Interactive Mode is a simple command line program. You'll specify some configuration information on the command line and you'll then be able to enter time series data as a comma separated list of doubles. For each time series you enter you'll be returned the most highly correlated vectors from the training set.

Batch Mode (coming soon)

A command line tool for correlating all vectors in a given input file (local or hdfs) and supplying the results to an output file (local or hdfs)

Simple Example

Building - A note about hadoop / spark versions

Our examples are built and tested on Cloudera cdh5.0.0. Spark and Hadoop are installed and setup on our cluster using Cloudera Manager. We recommend using the Cloudera distribution of spark and Hadoop to simplify your cluster management but any compatible versions of Spark and Hadoop should work.

To build Spark for other Hadoop versions see the Spark documentation.

If you use a different version of spark or hadoop you will have to modify the build.gradle script accordingly. Depending on your version of spark you may need to include a dependency on hadoop-client.

Running a local example

  1. Build the project with gradle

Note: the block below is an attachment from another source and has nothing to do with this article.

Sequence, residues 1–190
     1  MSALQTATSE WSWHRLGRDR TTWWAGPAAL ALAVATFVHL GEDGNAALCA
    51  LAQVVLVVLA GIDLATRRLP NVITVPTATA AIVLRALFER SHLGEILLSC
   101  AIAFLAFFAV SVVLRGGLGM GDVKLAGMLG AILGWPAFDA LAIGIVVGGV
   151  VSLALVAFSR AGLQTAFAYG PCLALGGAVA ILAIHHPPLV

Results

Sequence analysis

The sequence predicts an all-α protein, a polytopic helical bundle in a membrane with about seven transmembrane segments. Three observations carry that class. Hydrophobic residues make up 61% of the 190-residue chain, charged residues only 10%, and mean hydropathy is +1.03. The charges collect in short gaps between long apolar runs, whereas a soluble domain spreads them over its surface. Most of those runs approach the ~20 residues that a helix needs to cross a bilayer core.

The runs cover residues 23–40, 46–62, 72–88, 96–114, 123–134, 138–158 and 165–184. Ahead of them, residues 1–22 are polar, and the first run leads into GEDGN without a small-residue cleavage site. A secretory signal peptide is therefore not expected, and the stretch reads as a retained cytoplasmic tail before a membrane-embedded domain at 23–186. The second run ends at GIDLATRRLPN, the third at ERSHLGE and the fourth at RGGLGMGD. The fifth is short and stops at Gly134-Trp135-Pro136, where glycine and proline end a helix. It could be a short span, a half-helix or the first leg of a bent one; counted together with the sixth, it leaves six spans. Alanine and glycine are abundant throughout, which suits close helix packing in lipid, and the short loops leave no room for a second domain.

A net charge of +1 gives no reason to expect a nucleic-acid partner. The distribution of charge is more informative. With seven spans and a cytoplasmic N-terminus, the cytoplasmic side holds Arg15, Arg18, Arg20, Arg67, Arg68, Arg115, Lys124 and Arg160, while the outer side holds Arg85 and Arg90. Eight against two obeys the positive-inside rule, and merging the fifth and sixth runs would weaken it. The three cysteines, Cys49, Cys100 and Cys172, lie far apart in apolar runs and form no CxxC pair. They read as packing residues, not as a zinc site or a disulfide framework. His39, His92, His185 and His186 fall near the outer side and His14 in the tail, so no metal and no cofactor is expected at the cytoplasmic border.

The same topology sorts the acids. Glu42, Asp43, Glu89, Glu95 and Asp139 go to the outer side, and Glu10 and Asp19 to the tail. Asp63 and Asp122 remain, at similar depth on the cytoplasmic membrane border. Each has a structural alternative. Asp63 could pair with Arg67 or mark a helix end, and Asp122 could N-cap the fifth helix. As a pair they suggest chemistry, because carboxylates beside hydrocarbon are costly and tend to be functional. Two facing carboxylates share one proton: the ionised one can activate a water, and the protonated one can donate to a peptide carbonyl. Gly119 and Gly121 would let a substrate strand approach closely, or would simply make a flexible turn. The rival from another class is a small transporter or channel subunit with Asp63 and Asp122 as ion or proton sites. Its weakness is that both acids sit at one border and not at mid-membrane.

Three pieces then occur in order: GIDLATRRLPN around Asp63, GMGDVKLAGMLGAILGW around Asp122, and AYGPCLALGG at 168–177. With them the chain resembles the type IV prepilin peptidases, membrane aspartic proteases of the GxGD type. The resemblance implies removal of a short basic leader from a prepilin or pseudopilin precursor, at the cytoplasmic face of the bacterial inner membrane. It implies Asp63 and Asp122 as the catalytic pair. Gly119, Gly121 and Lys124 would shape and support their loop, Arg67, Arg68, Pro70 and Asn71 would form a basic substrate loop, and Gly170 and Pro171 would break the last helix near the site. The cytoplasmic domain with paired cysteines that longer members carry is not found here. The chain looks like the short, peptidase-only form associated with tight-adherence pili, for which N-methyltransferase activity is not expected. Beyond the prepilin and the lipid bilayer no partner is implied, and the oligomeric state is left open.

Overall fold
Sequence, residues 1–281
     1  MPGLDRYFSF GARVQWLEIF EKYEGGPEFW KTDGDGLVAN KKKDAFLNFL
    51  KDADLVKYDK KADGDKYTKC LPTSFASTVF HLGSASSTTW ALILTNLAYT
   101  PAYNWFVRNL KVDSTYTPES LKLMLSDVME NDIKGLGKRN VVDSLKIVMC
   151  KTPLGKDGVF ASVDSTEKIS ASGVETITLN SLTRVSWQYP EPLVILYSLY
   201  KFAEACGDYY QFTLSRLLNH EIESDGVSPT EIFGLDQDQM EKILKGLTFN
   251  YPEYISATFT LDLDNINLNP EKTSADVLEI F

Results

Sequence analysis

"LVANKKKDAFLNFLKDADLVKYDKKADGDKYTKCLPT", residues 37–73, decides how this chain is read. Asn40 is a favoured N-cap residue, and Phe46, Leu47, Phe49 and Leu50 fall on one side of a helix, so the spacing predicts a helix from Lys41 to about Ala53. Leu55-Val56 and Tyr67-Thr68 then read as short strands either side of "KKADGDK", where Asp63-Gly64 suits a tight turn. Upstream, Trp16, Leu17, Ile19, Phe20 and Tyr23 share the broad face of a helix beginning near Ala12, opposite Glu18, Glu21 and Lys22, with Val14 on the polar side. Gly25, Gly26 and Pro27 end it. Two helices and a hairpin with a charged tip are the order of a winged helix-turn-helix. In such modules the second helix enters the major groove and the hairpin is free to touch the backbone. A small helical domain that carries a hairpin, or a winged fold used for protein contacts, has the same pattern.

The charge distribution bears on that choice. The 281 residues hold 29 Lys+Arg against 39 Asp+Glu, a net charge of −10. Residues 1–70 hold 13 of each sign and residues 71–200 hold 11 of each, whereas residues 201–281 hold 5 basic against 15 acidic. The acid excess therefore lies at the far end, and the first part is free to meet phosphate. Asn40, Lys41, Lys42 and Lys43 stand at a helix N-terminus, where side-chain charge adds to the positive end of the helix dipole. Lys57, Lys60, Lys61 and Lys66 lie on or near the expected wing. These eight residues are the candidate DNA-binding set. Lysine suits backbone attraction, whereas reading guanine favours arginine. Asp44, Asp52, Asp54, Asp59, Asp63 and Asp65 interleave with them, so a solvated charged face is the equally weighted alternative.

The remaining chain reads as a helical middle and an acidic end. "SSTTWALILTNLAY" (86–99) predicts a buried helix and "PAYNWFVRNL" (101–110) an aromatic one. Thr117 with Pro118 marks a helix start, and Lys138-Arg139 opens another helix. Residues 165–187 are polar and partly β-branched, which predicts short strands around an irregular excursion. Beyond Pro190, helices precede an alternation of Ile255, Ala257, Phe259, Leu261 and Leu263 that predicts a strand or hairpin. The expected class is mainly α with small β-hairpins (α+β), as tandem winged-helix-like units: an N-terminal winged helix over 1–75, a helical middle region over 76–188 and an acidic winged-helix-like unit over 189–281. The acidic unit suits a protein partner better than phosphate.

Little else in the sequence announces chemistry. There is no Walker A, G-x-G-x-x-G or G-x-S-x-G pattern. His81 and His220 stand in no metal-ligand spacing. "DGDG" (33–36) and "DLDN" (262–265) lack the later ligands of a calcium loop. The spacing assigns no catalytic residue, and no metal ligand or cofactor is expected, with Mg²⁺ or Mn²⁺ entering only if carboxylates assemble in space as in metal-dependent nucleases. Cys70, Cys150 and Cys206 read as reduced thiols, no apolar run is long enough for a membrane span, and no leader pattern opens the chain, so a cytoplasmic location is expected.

gradle clean dist

  1. Run the training phase to pre-process the input vectors and cache the generated projects and centroids

'./ example/'

  1. Run the bulk mode to correlate every vector against every other vector in the system.

./ example/

  1. Results are stored in the 'output' folder

  2. You can also run the interactive example

./ example/run.properites

  1. To remove any cached centroids / projects clean the local directory


Running on a cluster.

  1. Ensure the file is setup to use the version of spark running on your cluster (see above)

  2. Build the project

gradle clean dist

  1. Make a local directory for you cluster configuration

cp -r examples mycluster

  1. Move your data to a location on hdfs. If you have small data you can still run on local files, this example assumes you want to use a distributed file system.

  2. Edit mycluster/

    set the master uri for your cluster. "master_uri=spark://mymasternode:7077"

    ensure SPARK_HOME is set correctly for your cluster (default set up for cloudera cdh5.0.0-beta-2)

    set the inputPath to your location in hdfs (example inputPath=hdfs:/// )

    set the output files to point to a location in hdfs

  3. Edit mycluster/

    set the master uri for your cluster. "master_uri=spark://mymasternode:7077"

    ensure SPARK_HOME is set correctly for your cluster (default set up for cloudera cdh5.0.0-beta-2)

    set the original_data_path to the location of you data in hdfs (example original_data_path=hdfs:/// )

    set the output path to a location in hdfs

    set centroid_dir, projection_dir, and training_matrix_path to the same as in your file

  4. run the training phase on the provided example

./ mycluster/

  1. Run the bulk mode to correlate every vector against every other vector in the system.

./ mycluster/

  1. Results are stored in the 'output' folder

  2. You can also run the interactive example. *note: you'll have to enter your hdfs locations instead of the default local locations

'./run_interactive /mycluster/run.properites'